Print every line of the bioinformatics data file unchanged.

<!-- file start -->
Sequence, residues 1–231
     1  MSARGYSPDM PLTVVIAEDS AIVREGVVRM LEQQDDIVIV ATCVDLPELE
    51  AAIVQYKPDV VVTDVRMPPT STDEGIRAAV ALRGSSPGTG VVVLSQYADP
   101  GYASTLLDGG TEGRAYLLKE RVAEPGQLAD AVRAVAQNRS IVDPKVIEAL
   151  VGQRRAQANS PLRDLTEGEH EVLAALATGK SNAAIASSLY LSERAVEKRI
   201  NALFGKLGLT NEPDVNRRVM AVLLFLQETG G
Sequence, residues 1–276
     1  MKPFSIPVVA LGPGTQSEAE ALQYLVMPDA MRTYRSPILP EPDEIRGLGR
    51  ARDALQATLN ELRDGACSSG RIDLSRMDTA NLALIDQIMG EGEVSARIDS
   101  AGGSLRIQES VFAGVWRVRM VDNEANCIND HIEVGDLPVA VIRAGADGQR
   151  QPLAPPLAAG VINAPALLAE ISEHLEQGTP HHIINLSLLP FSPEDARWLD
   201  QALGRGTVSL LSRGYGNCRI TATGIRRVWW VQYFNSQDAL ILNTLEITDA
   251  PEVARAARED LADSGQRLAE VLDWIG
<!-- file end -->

Sequence, residues 1–231
     1  MSARGYSPDM PLTVVIAEDS AIVREGVVRM LEQQDDIVIV ATCVDLPELE
    51  AAIVQYKPDV VVTDVRMPPT STDEGIRAAV ALRGSSPGTG VVVLSQYADP
   101  GYASTLLDGG TEGRAYLLKE RVAEPGQLAD AVRAVAQNRS IVDPKVIEAL
   151  VGQRRAQANS PLRDLTEGEH EVLAALATGK SNAAIASSLY LSERAVEKRI
   201  NALFGKLGLT NEPDVNRRVM AVLLFLQETG G
Sequence, residues 1–276
     1  MKPFSIPVVA LGPGTQSEAE ALQYLVMPDA MRTYRSPILP EPDEIRGLGR
    51  ARDALQATLN ELRDGACSSG RIDLSRMDTA NLALIDQIMG EGEVSARIDS
   101  AGGSLRIQES VFAGVWRVRM VDNEANCIND HIEVGDLPVA VIRAGADGQR
   151  QPLAPPLAAG VINAPALLAE ISEHLEQGTP HHIINLSLLP FSPEDARWLD
   201  QALGRGTVSL LSRGYGNCRI TATGIRRVWW VQYFNSQDAL ILNTLEITDA
   251  PEVARAARED LADSGQRLAE VLDWIG